Other gear to consider includes clothing, that ought to be suitable for your environment, power adapters, and a good ol' Swiss Army knife (in a checked bag of course), but traveling as light as you possibly can is definitely a great mantra.

How do I cut costs for any trip?

Once you've worked out just how much you need, you've then got a figure it can save you towards. Many people get this to number their screensaver or use it their fridge, using this saving goal as motivation to visit work every single day.

Have your own telethon-style countdown as you save towards the goal. If you find saving tough, try budgeting software like Pear Budget or Mint-the latter includes countdown functions for the savings and can suggest ways to cut your expenses. Should you don't hit your saving goal, then it might be time for you to go back and re-visit the budget-those fancy cocktails might have to be traded set for a bottle of soju and microwave ramen inside a Korean convenience store, which, let's not pretend, is probably just as good!

With this in your mind, being realistic is also an important part of the money-saving process. Can you truly afford that swim-up luxury apartment in the Maldives, or will you be equally content in a rustic beachfront bungalow within the Philippines for any fraction from the cost? If you're struggling to reach your loan goals, being flexible with your trip itinerary might help get you with that flight much faster.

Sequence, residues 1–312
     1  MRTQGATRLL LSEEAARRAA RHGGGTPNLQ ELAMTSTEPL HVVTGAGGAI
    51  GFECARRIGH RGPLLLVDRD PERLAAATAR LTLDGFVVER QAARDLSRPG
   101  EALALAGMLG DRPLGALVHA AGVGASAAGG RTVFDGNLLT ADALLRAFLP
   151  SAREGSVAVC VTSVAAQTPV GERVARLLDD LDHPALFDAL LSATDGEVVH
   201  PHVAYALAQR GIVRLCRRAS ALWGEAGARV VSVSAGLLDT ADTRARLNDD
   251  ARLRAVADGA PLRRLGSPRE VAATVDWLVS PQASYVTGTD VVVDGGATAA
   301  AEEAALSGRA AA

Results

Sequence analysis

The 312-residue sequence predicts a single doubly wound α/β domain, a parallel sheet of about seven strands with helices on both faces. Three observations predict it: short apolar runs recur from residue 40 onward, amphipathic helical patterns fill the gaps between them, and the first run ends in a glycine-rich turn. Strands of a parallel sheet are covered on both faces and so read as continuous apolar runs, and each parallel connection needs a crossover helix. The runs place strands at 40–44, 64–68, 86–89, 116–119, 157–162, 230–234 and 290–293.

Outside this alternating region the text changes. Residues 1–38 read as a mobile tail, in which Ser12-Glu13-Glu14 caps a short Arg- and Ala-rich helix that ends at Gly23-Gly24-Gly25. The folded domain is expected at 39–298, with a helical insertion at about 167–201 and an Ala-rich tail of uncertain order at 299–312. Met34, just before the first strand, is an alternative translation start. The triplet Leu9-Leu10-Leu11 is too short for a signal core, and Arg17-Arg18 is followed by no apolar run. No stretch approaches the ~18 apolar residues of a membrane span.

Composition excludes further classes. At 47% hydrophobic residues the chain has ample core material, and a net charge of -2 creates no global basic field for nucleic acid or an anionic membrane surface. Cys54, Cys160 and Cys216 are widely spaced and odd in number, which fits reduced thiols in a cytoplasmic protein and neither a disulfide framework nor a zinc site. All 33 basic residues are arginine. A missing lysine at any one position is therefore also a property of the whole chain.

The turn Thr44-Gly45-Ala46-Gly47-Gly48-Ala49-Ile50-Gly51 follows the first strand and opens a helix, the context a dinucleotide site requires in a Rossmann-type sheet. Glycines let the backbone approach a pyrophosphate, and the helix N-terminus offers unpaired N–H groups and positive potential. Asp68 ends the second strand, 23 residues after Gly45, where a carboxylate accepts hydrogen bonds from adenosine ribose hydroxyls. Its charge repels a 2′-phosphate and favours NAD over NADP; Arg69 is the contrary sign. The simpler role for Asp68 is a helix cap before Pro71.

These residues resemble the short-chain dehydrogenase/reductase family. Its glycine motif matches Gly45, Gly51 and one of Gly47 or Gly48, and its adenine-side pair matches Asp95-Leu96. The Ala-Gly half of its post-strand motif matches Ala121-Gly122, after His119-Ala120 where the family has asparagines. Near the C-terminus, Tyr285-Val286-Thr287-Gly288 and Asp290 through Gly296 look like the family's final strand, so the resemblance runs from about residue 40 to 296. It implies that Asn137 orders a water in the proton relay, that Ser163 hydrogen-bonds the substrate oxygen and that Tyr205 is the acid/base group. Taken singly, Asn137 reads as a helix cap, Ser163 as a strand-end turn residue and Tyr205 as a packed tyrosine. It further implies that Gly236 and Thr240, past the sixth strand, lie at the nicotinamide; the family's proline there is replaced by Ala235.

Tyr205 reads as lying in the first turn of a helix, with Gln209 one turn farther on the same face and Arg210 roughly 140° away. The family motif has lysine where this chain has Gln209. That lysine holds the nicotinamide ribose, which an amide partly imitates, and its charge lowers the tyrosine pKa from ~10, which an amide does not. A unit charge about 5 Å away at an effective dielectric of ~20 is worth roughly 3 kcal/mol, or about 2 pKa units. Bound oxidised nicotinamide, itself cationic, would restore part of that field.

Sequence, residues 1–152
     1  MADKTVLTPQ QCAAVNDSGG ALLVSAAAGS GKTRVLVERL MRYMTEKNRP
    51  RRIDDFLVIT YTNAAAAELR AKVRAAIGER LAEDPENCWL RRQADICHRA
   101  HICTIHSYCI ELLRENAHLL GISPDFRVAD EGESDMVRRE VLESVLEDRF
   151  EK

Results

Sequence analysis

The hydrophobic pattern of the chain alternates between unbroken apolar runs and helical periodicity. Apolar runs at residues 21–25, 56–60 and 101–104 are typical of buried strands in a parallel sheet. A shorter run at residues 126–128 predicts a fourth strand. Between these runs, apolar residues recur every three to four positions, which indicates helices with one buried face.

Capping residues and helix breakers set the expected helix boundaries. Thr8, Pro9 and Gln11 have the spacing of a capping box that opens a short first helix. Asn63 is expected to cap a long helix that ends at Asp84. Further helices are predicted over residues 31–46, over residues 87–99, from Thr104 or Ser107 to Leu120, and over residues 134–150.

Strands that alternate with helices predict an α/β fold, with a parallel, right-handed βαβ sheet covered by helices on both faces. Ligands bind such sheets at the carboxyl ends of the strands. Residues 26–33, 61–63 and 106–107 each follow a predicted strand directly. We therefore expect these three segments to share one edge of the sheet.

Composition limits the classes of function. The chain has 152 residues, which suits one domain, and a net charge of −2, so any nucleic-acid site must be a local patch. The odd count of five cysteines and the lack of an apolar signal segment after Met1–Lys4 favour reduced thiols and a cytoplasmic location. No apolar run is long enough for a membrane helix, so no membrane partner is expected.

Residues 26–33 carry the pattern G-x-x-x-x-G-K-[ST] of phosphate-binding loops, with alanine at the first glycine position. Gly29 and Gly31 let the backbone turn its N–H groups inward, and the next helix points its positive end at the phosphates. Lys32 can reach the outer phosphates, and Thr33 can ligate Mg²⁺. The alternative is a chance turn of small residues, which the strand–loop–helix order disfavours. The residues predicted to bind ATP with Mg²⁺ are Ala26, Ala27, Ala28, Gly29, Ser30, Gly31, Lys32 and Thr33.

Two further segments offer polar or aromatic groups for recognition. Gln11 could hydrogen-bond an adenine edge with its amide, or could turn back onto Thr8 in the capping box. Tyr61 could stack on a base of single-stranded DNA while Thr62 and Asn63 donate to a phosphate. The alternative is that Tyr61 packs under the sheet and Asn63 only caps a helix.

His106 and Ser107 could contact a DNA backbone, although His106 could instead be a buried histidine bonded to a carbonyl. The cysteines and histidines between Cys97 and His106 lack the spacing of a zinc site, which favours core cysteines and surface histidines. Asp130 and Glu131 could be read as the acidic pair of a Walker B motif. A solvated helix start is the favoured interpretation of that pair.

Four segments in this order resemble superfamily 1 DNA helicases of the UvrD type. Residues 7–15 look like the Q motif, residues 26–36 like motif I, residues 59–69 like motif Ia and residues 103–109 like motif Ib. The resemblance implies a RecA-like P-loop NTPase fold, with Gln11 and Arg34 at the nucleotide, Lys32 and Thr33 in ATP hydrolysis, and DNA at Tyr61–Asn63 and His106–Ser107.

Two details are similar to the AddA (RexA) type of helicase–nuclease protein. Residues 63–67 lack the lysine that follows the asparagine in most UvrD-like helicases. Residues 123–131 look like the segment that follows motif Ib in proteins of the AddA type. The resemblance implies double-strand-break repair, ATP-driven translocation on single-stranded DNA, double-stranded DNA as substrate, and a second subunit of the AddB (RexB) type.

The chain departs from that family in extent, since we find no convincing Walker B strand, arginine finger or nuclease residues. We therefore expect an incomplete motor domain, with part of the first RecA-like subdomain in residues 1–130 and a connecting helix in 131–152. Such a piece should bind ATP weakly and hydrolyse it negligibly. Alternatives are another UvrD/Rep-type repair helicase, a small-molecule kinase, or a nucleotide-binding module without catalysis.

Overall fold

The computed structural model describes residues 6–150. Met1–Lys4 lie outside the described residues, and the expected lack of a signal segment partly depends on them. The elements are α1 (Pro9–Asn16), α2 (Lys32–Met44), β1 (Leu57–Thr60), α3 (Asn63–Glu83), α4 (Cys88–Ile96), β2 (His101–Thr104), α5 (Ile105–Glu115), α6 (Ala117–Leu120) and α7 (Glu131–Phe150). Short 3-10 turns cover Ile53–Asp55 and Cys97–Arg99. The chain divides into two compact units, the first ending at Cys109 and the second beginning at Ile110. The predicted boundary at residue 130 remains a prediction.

How can I keep cash safe when I'm traveling?

Before you go, someone is bound to force among those ugly, flesh-toned money pouches you since it 'saved their life' when they did their gap year. Not that there's anything wrong with money belts or pouches, but you could possibly just do too by having your belongings in an internal pocket of the zipped-up jacket.

Carrying your hard earned money in some forms as well as in a few different places is definitely wise decision. Diversify your hard earned money which means you hold a little cash, credit cards as well as an ATM card. However, there are good ATM locators for Visa, Mastercard and other major credit card providers, you'll find that they can break up, run out of cash or otherwise fail just when you need to pay taxis driver. Sometimes funds are still king. It's a good idea to hold a “whip out”-a small amount of loose cash to pay for things as you're walking along. That way your bank account is conveniently stashed and potential pickpockets don't know where you can hit you.

Of course following the basics will also go a long way-be conscious of your surroundings at night, don't take with you massive wads of money and use hostel lockers and hotel safes where possible. It's astonishing how many penny-pinching backpackers leave wallets and purses splayed across communal dormitory beds before heading off for some time shower; that's one potential method to blow those hard-earned savings in record timing.